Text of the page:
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How to protect your berries from raspberry beetle?

How to protect your berries from raspberry beetle?

How to protect your berries from raspberry beetle?

Fruit is harmed by the larvae of the raspberry bug. The larva feeds on the fruit’s stem end. Summer-fruiting raspberries are the most affected. Autumn raspberries’ early fruits may be destroyed, but those that mature after late August are less likely to be impacted.

How to recognize

A mature beetle is pale brown in color, about 4mm long, and has short hairs on its body. The 8mm grubs have a creamy-white body with pale-brown markings on the back, a brown head, and three pairs of legs.

More about raspberry beetles

A beetles emerge from the soil between April and June and are excellent flyers. They eat rose family flowers first, such as apple, pear, and hawthorn, before moving on to soft fruit to lay their eggs in the blooms. The grubs eat on the fruit’s outer layer before moving inside the center plug. The grubs leave the ripe fruit when they are completely developed, fall to the ground, and pupate in the soil.

How to protect your berries from raspberry beetle?

Control

How to protect your berries from raspberry beetle? Consider taking control measures before the crop matures if raspberry beetle has been a problem in recent seasons. As fruit grows on vulnerable plants, check them often so that action may be done before a harmful population forms. When considering control alternatives, start with the techniques in the non-pesticide control section to minimize harm to non-target species.

Pesticide and non-pesticide

If this is not suffice to decrease the damage to acceptable levels, insecticides may be used. Pesticides with lower persistence (which are generally certified for organic cultivation) are less likely to harm non-target animals than those with greater persistence and/or systemic action.

Non pesticides control

How to protect your berries from raspberry beetle? Tolerate minor beetle damage if feasible; generally, just a tiny percentage of the crop is damaged. Berries that mature later are less impacted. In the garden, attract predators and other natural enemies such as birds, hedgehogs, and ground beetles. Agralan, Ken Muir, Harrod Horticultural, and other vendors sell a host plant odour (karimone) water trap. This will catch both male and female beetles, perhaps reducing the infestation.

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Pesticide control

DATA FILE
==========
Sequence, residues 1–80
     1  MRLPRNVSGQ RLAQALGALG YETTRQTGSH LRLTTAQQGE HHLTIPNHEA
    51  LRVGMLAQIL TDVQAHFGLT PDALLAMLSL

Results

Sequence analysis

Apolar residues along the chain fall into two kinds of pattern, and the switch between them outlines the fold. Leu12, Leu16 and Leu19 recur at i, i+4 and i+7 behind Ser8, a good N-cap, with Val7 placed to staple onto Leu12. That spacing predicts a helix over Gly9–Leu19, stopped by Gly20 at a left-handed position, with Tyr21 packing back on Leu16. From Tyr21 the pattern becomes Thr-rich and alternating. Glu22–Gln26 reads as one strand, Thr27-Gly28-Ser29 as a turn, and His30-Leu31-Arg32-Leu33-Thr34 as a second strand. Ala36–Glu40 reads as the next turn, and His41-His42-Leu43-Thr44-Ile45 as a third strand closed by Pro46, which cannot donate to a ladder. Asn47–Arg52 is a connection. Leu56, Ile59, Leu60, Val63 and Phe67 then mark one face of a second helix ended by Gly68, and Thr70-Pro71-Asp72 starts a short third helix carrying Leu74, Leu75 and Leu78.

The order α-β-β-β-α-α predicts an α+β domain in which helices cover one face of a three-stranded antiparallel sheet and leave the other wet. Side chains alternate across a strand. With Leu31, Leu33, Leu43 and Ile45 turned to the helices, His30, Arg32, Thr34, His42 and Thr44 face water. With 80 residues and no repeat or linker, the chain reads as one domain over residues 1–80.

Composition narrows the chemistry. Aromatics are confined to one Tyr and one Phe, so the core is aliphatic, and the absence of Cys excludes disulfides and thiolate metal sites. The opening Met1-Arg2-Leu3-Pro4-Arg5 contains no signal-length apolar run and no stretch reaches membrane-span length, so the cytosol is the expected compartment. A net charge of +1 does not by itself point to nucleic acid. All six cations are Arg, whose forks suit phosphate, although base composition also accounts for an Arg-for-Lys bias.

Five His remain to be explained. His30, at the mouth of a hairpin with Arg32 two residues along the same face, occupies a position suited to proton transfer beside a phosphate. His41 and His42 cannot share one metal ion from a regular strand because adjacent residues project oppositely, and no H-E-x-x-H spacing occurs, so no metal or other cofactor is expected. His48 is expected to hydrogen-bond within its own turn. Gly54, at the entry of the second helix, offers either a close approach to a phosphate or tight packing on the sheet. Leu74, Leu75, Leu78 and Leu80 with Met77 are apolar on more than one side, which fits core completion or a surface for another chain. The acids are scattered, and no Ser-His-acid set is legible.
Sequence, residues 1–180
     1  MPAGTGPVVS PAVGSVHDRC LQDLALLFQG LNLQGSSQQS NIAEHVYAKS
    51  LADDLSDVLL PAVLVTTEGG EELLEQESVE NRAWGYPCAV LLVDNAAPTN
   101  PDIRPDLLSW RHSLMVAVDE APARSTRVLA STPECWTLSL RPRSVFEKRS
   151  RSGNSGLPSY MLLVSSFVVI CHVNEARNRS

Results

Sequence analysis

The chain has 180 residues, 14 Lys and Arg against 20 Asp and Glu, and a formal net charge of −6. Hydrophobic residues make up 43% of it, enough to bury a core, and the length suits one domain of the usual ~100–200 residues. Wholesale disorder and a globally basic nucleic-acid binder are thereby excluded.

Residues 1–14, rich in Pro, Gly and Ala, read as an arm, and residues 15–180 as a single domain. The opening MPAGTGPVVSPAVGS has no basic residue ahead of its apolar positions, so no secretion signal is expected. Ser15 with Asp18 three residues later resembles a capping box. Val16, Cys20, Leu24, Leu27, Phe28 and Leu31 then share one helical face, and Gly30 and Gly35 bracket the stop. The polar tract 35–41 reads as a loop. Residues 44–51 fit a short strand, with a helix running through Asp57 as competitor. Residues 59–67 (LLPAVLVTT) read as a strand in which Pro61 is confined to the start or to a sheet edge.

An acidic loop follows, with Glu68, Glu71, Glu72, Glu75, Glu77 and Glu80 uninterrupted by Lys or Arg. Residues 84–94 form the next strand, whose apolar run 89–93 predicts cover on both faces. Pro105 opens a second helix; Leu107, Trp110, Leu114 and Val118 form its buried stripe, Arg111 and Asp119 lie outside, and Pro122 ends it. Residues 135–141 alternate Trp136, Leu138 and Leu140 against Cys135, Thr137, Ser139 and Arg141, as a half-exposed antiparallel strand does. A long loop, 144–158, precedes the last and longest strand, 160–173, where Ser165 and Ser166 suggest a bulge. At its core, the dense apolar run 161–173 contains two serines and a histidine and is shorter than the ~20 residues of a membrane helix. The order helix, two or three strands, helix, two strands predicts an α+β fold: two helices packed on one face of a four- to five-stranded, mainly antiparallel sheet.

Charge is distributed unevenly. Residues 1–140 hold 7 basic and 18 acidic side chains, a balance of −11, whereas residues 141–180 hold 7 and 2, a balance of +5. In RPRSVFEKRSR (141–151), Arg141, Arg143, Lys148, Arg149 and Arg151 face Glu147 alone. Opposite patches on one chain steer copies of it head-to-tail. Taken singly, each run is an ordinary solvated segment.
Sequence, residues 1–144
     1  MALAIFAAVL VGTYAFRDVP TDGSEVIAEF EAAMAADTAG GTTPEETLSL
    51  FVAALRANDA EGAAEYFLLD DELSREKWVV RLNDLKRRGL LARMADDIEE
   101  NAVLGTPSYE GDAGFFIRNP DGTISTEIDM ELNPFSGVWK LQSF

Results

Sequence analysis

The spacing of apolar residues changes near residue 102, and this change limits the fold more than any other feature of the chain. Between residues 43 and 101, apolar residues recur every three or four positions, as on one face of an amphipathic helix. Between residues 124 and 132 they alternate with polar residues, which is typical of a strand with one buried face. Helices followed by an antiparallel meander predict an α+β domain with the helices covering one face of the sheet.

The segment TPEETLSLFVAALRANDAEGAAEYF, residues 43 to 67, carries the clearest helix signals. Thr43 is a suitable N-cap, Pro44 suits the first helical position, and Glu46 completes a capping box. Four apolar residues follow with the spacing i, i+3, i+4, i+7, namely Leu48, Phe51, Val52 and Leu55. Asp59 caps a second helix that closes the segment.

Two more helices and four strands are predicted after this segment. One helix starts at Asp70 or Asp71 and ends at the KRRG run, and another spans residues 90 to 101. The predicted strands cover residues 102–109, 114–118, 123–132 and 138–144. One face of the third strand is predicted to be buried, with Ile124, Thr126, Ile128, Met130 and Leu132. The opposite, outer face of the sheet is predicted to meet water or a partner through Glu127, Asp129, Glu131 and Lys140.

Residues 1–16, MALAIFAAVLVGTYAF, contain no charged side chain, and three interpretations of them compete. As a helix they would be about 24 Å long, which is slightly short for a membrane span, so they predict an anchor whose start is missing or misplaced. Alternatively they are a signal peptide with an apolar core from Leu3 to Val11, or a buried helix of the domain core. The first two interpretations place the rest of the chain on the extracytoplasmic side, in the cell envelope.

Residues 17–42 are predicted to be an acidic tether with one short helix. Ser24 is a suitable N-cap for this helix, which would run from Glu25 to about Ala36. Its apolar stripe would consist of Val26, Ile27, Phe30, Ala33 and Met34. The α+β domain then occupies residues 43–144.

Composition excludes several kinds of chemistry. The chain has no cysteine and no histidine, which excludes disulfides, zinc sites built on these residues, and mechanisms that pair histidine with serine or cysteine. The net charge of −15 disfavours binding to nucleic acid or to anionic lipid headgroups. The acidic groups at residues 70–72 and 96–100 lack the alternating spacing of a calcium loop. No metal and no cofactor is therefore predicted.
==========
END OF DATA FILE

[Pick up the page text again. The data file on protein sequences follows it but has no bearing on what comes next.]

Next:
How to protect your berries from raspberry beetle? Spraying raspberries when the first pink fruits appear, followed by a second application two weeks later, has been recommended in the past; however, plants should not be sprayed when in blossom owing to the threat to pollinating insects, thus spraying may be inadvisable. Natural pyrethrin-based organic contact insecticides. To get excellent control, many applications of these short persistence compounds may be required.

How to protect your berries from raspberry beetle?

RHS Gardening Advice

When applying insecticides, read the label carefully. On edible plants, check the label to see if the food plant is specified, and follow the directions for the maximum number of treatments, spray interval, and harvest interval. Because of the threat to bees and other pollinating insects, plants in bloom should not be treated. The inclusion of a pesticide product does not imply that RHS Gardening Advice recommends or endorses it. It’s a list of items accessible to home gardeners right now.

What if I don’t want to use a bug spray?

A By the time the fruit is ready to pick, the majority of grubs will have left the fruit or will have been removed with the plug. As the fruit is prepared, the others, as well as any damaged portions, should be removed.

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What is the extent of raspberry beetle damage?

Beetle can do severe harm to the blossoms if they are present in sufficient numbers, resulting in many fruits being deformed or not growing at all. The larvae, on the other hand, are considerably more of a concern since the young grubs ruin the fruit. They leave distinctive dried-out and blackened patches around the plug in the center, indicating that they have eaten part of the developing drupelets, which are the small segments that make up this type of fruit.

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